Although embarking on a visual communication and graphic design major, Exist refused to finish his degree, instead deciding to purse his career through working in the field and gaining experience off his own back. ‘I found my potential and that of many others being drained by institutions, so I decided to do it differently’, he reflects. ‘After a few years of painting classic Latin graffiti, I started merging what I learned with Arabic language. My work revolves around constant experimentation on the thin line between repetition, and creating something new…There’s always a lot of room for the magic of improvisation.’
In the spirit of accepting movement, evolution and change, Exist is currently exploring different mediums and materials to express the philosophy behind his pieces in new and exciting ways. He describes his style as a fusion of Latin and Arabic characters, explaining that a lot of his works have an S instead of the Arabic س, which has a very similar sound. ‘With a fluid and exaggerated spirit, it is a process of creating visuals that break the margins of limitations and insecurities. Each curve, each corner reflects different specificities and tribulations belonging to both Latin and Arabic lettering traditions—using and exploring one another’, he explains.
Recently, Exist’s been working with wood structures as his medium; woodworking based on ‘fundamentals of the Arabic alphabet merged with the loose nature of graffiti lettering.’ After the explosion in Beirut on the 4th of August last year, Exist tells us he began to realise how sometimes ‘a sentence—a set of letters—can’t always carry the amount of emotions that need to be expressed’, and so ‘the abstract way of deconstructing-reconstructing letters’ began to feel more expressive. ‘Words are tools that point to and describe something outside themselves—but language stays helpless too often’, he muses. ‘If we looked at it differently, could we extract what is not readable? Can we take a word as a whole, as this combination of letters that is not reducible to its meaning? Could it even be abstract and, through this abstraction, capable of capturing what cannot be said or read…?’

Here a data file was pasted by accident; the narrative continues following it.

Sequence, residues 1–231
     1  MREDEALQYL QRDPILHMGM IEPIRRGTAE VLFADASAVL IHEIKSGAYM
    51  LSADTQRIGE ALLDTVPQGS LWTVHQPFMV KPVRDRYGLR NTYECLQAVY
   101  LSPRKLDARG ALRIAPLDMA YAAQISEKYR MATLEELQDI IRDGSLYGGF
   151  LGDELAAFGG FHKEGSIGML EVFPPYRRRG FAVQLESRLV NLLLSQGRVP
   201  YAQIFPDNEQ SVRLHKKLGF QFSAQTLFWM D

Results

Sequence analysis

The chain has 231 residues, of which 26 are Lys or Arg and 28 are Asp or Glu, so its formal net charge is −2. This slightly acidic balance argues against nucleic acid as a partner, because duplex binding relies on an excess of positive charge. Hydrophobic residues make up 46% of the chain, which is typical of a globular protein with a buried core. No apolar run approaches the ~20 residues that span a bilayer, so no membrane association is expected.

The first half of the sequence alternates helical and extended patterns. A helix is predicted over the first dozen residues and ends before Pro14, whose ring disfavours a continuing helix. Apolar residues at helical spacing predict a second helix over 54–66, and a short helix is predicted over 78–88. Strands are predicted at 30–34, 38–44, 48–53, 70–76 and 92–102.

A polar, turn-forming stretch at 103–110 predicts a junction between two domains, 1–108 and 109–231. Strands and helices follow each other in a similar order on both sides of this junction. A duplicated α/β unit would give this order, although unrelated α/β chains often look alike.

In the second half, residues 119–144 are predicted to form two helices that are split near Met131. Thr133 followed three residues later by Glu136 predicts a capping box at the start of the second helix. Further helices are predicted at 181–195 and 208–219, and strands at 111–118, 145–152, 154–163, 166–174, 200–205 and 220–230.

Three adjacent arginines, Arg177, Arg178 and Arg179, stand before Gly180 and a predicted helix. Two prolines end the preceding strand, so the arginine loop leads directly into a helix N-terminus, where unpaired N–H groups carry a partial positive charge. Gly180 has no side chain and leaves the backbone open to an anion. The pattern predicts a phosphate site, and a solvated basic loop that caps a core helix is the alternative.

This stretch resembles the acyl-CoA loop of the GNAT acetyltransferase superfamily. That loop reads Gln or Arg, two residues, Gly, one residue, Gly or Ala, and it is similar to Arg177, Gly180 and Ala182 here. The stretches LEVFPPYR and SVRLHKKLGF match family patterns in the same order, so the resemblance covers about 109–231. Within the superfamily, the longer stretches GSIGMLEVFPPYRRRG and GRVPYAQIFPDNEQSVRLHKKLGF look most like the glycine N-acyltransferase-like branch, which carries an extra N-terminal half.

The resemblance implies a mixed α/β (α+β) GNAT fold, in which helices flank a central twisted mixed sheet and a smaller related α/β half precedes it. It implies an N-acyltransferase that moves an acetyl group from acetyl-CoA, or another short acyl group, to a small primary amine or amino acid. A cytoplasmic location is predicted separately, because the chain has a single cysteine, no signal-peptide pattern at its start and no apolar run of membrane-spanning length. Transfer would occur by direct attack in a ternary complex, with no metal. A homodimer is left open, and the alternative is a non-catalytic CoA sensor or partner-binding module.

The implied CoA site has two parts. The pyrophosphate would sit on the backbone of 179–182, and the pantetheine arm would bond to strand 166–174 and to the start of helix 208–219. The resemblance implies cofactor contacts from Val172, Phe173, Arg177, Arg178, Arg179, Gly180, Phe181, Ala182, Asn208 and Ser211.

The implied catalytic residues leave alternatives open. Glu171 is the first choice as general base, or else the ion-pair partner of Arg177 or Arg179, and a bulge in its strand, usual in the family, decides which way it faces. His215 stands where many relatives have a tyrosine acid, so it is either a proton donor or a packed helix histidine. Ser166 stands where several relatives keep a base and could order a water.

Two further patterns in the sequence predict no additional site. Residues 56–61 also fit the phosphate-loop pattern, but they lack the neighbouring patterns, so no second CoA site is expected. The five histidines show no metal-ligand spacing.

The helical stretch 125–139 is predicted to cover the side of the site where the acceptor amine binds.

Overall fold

Fundamentally, Exist believes creatives have a responsibly toward their surroundings; ‘whether they act through directly tackling topics from their daily life, or through the way they navigate and practice their work’. And for him, it mainly comes down to the way he practices his work and the philosophies he lives by, shares and emulates. ‘Graffiti doesn’t ask the observer for permission, it’s just there whether you like it or not.’
‘At the end of the day’, Exist continues, ‘knowing oneself through a craft and expressing what’s real and true is translated accordingly in one’s actions; therefore affecting others, setting others free from boundaries, and allowing new paths. That’s where the magic is, it’s a collective mind—we just have to become aware of it. The unity it brings is massive. I owe this craft and culture, and it keeps me going.’
Thank you so much to Exist for chatting with us today! You can follow Exist’s socials to stay up to date with his work.